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NFT: Yanks Clarke Schmidt Shut Down After Suffering Elbow Strain

LTIsTheGreatest : 2/22/2021 3:01 pm
Well, it didn't take long did it? Apparently young hurler Clarke Schmidtt felt discomfort in his throwing elbow after a bullpen session yesterday. An examination revealed an tendon strain. Luckily, there was no sign of ligament damage. Regardless he will be shut down for about 3-4 weeks and will miss at least the first month of the season. Hope it is not a sign of things to come.
that was quick  
Victor in CT : 2/22/2021 3:01 pm : link
yikes
Well  
Crazed Dogs : 2/22/2021 3:42 pm : link
that is incredible....Let's hope this year is better with the injuries.
Translation ...  
Beer Man : 2/22/2021 4:07 pm : link
Clarke Schmidt to receive season ending TJ surgery
RE: Translation ...  
Giantsfan79 : 2/22/2021 4:19 pm : link
In comment 15158850 Beer Man said:
Quote:
Clarke Schmidt to receive season ending TJ surgery


he already had TJ surgery, he was drafted during his recovery. If he needs a 2nd TJ, his career may be in jeopardy.
Always happens  
section125 : 2/22/2021 5:32 pm : link
doesn't it. Somebody shut down early.
Well, come on down, Domingo German!!  
Jim in Hoboken : 2/22/2021 5:59 pm : link
I may be biased, but the Yanks sure seems to have terrible luck when it comes to health with their prep pitchers. I don't want to jump the gun, but nobody would be surprised if Schmidt doesn't pitch again for 2 years. What about Saur, the second round pick the same year, will he actually pitch a full season in the minors, let alone the majors?

And who can forget Ty Hensley?
RE: Well, come on down, Domingo German!!  
rich in DC : 2/22/2021 6:04 pm : link
In comment 15158962 Jim in Hoboken said:
Quote:
I may be biased, but the Yanks sure seems to have terrible luck when it comes to health with their prep pitchers. I don't want to jump the gun, but nobody would be surprised if Schmidt doesn't pitch again for 2 years. What about Saur, the second round pick the same year, will he actually pitch a full season in the minors, let alone the majors?

And who can forget Ty Hensley?


Schmidt was NOT a prep pitcher. He was a 3 year SP at the University of South Carolina.
welp, we were hoping to get off the German topic  
wigs in nyc : 2/22/2021 6:13 pm : link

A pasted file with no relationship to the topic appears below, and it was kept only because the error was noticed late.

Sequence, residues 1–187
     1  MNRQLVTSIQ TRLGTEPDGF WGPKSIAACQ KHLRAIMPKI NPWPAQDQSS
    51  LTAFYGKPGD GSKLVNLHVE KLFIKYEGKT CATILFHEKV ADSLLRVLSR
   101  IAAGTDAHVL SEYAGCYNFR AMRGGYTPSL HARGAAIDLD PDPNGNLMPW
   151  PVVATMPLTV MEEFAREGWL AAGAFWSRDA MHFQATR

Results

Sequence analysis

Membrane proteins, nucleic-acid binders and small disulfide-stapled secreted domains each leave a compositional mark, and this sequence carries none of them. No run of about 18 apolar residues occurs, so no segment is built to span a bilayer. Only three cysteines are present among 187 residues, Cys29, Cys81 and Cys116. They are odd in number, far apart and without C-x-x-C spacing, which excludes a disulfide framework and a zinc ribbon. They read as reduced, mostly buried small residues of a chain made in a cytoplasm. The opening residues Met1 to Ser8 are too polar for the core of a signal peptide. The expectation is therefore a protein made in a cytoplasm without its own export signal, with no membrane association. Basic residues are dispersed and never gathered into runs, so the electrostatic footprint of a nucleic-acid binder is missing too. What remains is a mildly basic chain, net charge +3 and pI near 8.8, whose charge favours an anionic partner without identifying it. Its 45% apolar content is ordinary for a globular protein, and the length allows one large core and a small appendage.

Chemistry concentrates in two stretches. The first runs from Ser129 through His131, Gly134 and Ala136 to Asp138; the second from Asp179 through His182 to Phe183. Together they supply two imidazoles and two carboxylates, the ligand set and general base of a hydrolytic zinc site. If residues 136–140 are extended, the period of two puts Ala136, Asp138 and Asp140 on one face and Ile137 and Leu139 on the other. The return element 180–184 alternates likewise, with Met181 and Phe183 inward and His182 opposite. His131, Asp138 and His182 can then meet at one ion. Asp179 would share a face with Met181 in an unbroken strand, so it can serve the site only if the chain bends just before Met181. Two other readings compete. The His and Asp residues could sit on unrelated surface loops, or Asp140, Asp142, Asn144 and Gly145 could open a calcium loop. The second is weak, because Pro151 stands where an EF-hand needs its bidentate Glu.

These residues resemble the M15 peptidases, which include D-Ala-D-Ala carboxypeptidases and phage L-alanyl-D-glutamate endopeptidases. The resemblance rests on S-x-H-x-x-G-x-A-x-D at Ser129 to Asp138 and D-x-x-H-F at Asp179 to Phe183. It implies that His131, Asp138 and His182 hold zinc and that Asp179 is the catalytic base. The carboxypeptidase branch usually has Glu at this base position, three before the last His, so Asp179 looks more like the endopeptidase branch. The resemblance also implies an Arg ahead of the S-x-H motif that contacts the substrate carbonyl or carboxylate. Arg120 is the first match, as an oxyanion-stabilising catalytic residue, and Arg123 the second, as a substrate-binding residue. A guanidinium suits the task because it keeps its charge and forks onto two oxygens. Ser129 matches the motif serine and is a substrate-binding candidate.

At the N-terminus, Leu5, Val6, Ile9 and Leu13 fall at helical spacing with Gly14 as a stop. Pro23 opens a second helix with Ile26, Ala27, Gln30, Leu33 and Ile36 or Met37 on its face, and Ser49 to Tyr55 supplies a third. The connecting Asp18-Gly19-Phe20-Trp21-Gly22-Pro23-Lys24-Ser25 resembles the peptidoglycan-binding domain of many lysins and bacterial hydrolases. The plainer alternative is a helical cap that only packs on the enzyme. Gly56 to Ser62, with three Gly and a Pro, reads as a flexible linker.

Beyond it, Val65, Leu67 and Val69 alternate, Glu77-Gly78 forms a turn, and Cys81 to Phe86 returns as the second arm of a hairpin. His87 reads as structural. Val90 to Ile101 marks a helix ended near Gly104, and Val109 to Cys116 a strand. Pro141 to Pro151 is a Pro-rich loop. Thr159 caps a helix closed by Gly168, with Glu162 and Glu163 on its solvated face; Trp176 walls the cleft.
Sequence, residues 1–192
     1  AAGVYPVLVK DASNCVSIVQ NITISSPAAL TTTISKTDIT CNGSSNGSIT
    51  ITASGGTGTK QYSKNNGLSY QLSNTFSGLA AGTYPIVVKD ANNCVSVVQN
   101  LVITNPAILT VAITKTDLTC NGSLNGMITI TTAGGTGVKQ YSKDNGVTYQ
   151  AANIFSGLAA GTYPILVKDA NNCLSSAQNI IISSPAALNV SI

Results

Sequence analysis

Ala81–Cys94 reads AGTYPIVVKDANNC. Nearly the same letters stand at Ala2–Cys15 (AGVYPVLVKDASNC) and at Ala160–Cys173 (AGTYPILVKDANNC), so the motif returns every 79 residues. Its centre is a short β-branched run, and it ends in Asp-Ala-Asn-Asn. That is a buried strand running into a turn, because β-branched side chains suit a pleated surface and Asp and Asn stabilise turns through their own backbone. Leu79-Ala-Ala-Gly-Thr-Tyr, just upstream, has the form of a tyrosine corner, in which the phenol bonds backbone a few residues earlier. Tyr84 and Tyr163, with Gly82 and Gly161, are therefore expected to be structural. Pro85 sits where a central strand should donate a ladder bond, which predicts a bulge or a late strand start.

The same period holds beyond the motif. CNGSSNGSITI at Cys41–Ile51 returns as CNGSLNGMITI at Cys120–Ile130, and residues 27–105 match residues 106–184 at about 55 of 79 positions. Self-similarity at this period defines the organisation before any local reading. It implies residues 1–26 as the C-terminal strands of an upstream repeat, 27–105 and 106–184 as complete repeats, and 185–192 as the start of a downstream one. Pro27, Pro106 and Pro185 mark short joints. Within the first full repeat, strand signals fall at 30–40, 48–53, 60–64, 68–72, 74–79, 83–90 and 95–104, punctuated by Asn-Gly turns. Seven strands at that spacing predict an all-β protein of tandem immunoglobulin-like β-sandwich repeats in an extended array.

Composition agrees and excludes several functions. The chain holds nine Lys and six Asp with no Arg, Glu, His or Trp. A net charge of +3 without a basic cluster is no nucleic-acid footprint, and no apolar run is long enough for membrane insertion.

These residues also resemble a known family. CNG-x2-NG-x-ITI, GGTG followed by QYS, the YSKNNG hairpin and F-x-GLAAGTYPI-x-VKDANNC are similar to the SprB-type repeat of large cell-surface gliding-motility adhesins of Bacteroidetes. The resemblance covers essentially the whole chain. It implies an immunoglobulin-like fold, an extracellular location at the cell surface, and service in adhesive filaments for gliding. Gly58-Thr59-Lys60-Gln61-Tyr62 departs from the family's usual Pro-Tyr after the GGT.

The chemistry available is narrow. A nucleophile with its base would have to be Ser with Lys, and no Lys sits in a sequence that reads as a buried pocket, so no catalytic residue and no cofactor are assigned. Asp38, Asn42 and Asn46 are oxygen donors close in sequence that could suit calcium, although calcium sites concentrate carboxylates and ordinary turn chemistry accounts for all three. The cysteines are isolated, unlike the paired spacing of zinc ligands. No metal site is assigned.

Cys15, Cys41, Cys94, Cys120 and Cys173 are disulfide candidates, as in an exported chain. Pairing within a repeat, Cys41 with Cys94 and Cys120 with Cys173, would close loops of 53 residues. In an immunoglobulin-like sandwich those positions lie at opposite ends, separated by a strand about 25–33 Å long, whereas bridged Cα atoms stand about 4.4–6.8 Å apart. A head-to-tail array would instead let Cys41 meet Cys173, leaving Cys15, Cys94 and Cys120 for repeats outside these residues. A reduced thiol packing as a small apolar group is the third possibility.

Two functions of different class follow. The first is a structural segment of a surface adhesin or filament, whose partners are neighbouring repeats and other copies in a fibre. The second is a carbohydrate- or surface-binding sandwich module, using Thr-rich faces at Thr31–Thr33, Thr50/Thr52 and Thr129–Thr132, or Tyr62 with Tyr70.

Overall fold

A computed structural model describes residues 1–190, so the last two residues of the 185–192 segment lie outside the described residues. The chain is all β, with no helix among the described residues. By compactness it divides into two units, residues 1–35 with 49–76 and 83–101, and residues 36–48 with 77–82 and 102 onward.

careful what you ask for, kids. Damn.
Looking  
mitch300 : 2/22/2021 8:13 pm : link
At it in a positive way, he wasn’t going to pitch a full season anyway. Last year didn’t get as many pitches due to Covid. The year before he was in the minors.
RE: Well, come on down, Domingo German!!  
GeofromNJ : 2/25/2021 11:03 pm : link
In comment 15158962 Jim in Hoboken said:
Quote:
I may be biased, but the Yanks sure seems to have terrible luck when it comes to health with their prep pitchers. I don't want to jump the gun, but nobody would be surprised if Schmidt doesn't pitch again for 2 years. What about Saur, the second round pick the same year, will he actually pitch a full season in the minors, let alone the majors?

And who can forget Ty Hensley?

And James Kaprielian, 2015 1st round pick, included in the Sonny Gray trade after TJ surgery.
RE: RE: Well, come on down, Domingo German!!  
rich in DC : 2/26/2021 8:42 am : link
In comment 15162028 GeofromNJ said:
Quote:
In comment 15158962 Jim in Hoboken said:


Quote:


I may be biased, but the Yanks sure seems to have terrible luck when it comes to health with their prep pitchers. I don't want to jump the gun, but nobody would be surprised if Schmidt doesn't pitch again for 2 years. What about Saur, the second round pick the same year, will he actually pitch a full season in the minors, let alone the majors?

And who can forget Ty Hensley?


And James Kaprielian, 2015 1st round pick, included in the Sonny Gray trade after TJ surgery.


Ummm, do people here really understand what the term “prep pitcher” actually means?

It means a pitcher who was a draft pick out of HS or prep school.

Neither Kaprielian nor Schmidt were prep pitchers- both were drafted as juniors out of college. Kap from UCLA and Schmidt from the University of South Carolina.

With that said, drafting pitchers is not a science- every pitchers arm is a potential ticking time bomb. There is no tried and true way to prevent injuries, nor are there certain “types” of pitchers who hold up better than another.

Teams cluster draft pitchers of all types every year with the full understanding that a large number of them will never make it to the bigs for performance or injury reasons. However, the generally accepted best practice is that you try and grab more than 10 pitchers in a draft that you intend to sign with the percentages telling you that only 1, maybe 2 will reach the bigs- and fewer than that will amount to more than replacement level arms.

Sometimes it isn’t even what happens on the field that does a player in. Some may remember the story of the Yanks most famous prep draft pick- Brien Taylor- who was actually the #1 pick in the entire draft. He was an enormously talented LHP who had real front of the rotation stuff- with some command and control issues that he was showing signs of getting over. Then, one off-season, he got involved in a bar fight trying to protect his brother. He ended up getting body slammed to the floor- onto his left shoulder. Major damage and surgery. Even though he made comeback attempts, he never regained his stuff and never made the bigs.
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